In terms of drum and bass culture, the connections are even more obvious. The producer and DJ became the icons with the dubplate (or test press) becoming a much sought after item. Hip-hop began with the DJ as the central figure before the MC took center stage while in Jamaica, the dubplate is the way dancehall tracks are often circulated to DJs. Drum and bass continues many traditions set up through hip-hop and soundsystem culture most recognizably the use of the MC as a hype man and not the central focus; the use of rewinds, when the DJ starts a track over; and references to lighters and weed. But what makes drum and bass a more evolved version of hip-hop is that it all but eradicates much of the sexism and ethnocentricity found in that genre. There is a certain multi-national all-inclusiveness that presides over drum and bass as a culture that has allowed artists from all over the world to partake in its existence in ways that hip-hop artists from outside of the US have never been able to.
Trip-hop goes in the opposite direction of drum and bass, moving to slower bpms translating hip-hop through the prism of dub, dancehall and soul into an entirely different art form. Mostly emerging from the city of Bristol in southwest England, bands like Massive Attack, Tricky, Portishead and Smith & Mighty took hip-hop production techniques like looping and sampling but filtered them through their unique multi-racial experience and exposure to “white” art forms such as alternative rock and punk. Where drum and bass was hard and dark like a scary movie, trip-hop was more somber like an art house flick. Trip-hop culture is loose-knit community compared to that of drum and bass (with most of the bands involved denying the existence of the genre itself) so the music itself acts as the only link to its origins in hip-hop.
American breaks, most often characterized by the funky breaks sound of Florida, has a direct link to hip-hop as its evolution was purely home grown. When Afrika Bambataa sampled the German electronic oddity Kraftwerk and released “Planet Rock” a new sound in hip-hop emerged known as electro. This style has always been tied to break dancers, poppers and lockers throughout its many evolutions. Electro eventually found a regional stronghold in the South, in particular Miami and other cities like Atlanta and Jacksonville. This allowed the music to branch off into two distinct styles: techno bass which emphasized the electronic elements of the music through artists like Dynamix II and Bass, which focused on raunchy lyrical content and stayed rooted in hip-hop culture and traditions. Where Bass laid the seeds for today’s crunk and Southern styles of hip-hop, techno bass paved the way for Florida breaks, a hyped up blending of hip-hop samples, scratching techniques, and 808 bass with house and rave vibe that was grabbing hold of Florida in the mid-90s. The sound was pioneered by Orlando’s DJ Icey yet is largely influenced by the nostalgic vibe of early hip-hop and 70s funk. The culture itself has remained about the dancing and the DJ, never straying from the simple pleasure of dancing to some thick 808s. In recent years funky breaks brought about the emergence of Nu-skool or UK breaks. Where funky breaks uses samples and a retro feel, UK breaks is more forward thinking, pushing the technology into new territories often using many of the techniques pioneered by drum and bass producers such as layered basslines, distortion, overdrive and stabs.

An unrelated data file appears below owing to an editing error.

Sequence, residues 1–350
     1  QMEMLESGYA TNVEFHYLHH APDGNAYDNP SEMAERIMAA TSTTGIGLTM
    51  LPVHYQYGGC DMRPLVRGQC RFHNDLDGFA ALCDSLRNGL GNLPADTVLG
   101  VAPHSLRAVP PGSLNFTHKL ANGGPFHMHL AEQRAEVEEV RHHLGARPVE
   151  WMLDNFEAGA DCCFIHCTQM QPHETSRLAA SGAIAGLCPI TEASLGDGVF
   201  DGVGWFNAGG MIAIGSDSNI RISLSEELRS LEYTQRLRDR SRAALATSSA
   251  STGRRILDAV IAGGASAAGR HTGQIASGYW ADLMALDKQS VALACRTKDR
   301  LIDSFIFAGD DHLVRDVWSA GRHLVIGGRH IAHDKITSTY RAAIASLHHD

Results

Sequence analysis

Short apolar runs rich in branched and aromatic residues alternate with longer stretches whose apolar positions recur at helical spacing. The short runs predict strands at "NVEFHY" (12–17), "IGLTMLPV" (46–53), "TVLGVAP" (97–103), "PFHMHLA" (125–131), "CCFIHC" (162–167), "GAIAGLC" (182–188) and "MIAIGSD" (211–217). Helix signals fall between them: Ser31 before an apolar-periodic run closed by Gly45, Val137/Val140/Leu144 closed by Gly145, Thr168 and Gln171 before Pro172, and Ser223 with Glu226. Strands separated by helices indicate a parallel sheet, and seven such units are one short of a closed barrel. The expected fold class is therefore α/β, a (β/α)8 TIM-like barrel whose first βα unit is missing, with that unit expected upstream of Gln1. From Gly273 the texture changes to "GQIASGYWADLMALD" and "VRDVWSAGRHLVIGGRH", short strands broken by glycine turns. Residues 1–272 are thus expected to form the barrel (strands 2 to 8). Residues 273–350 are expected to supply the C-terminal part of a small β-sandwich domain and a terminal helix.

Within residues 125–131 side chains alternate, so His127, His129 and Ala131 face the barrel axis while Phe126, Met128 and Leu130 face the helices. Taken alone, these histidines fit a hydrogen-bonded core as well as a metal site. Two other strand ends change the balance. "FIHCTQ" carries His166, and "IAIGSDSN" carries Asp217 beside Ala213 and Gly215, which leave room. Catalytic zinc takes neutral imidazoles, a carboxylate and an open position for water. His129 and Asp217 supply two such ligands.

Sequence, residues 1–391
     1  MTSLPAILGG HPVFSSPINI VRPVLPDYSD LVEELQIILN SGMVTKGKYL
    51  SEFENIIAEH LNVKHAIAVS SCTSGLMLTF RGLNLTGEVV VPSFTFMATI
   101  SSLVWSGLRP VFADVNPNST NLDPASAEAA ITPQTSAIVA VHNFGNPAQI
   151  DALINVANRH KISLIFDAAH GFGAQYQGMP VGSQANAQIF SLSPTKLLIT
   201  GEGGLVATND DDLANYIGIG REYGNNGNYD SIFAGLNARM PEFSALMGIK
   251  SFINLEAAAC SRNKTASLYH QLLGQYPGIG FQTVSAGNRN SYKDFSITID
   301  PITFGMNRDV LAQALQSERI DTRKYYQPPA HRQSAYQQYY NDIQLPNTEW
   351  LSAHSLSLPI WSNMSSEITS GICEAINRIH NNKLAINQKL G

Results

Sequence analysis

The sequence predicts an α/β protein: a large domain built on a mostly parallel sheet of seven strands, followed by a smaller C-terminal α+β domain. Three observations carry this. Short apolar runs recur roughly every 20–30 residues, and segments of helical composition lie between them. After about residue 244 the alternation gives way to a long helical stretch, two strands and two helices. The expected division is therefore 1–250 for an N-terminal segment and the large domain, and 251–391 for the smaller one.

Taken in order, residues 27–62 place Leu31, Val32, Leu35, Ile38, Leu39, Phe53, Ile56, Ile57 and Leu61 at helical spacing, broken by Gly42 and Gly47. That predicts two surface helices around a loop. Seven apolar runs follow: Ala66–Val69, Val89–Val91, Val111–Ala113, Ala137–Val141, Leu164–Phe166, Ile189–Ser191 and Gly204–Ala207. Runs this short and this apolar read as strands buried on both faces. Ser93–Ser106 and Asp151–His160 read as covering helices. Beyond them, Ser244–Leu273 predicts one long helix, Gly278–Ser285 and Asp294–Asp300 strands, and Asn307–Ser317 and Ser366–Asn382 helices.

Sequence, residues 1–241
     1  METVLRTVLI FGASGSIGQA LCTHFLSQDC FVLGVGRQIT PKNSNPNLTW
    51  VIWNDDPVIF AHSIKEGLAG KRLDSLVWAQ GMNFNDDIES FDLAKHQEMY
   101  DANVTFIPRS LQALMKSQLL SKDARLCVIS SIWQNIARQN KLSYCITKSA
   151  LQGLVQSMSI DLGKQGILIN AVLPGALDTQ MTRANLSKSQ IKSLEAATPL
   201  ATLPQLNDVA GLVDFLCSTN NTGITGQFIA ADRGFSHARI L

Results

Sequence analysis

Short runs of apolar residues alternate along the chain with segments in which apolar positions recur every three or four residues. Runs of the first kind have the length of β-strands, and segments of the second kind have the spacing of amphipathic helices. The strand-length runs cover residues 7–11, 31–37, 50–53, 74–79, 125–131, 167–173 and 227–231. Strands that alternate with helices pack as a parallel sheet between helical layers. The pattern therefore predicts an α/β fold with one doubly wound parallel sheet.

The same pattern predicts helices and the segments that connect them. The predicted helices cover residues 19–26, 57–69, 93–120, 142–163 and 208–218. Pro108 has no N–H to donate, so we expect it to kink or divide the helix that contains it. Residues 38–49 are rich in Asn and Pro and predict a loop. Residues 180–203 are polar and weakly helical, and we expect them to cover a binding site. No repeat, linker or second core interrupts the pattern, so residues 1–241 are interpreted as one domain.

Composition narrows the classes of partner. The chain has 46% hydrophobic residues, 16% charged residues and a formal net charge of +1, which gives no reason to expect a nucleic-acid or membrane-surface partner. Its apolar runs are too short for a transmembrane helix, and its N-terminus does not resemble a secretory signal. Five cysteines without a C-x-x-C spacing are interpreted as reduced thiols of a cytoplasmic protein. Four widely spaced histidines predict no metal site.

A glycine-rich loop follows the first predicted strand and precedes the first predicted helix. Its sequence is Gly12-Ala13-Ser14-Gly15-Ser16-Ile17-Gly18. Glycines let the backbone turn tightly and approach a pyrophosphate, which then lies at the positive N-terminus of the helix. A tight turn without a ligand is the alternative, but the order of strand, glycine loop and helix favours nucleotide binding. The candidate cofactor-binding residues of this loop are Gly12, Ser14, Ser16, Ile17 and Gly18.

So by now it should be pretty clear that hip-hop music has influenced decades of musical hybrids that can be considered as Urban Breakbeat. Interestingly enough, as hip-hop itself seemed to be running out of creative steam, it began to re-interpret Breakbeat culture in order to revive itself. The producer has re-emerged as an icon in hip-hop, most famously through the work of Timbaland and the Neptunes. Timbaland began introducing drum and bass style production through popular artists such as Aaliyah and Missy Elliott creating a signature style that transformed the rules of hip-hop production. Meanwhile, the Neptunes use simple Breakbeats and electro inspired synths to get their point across. These two producers are proof that Gilroy’s Black Atlantic theory is still in effect today.
David Hesmondhalgh and Caspar Melville conclude that “Urban Breakbeat culture… builds on technologies and attitudes of hip-hop but transforms them according to particular national diasporic conditions.” Translated this simply means that Urban Breakbeat is the natural evolution of hip-hop culture as interpreted through the eyes of different cultures, whether it is rave culture in Florida or Black culture in the UK. But there is a common bond that exists in all the forms that are expressed as Urban Breakbeat: the love of the beat. Whether drum and bass, trip-hop or breaks, the love and reverence of the Breakbeat is what connects us all.
Hesmondhalgh, David + Melville, Caspar. Global Noise: Rap and HipHop Outside the USA. 2001. Wesleyan University Press
All Music Guide/www.allmusicguide.com
Gilroy, Paul. 1993. The Black Atlantic: Modernity and Double Consciousness
DeRogatis, Jim. 1996. Kaleidoscope Eyes: Psychedelic Music From the 1960s to the 1990s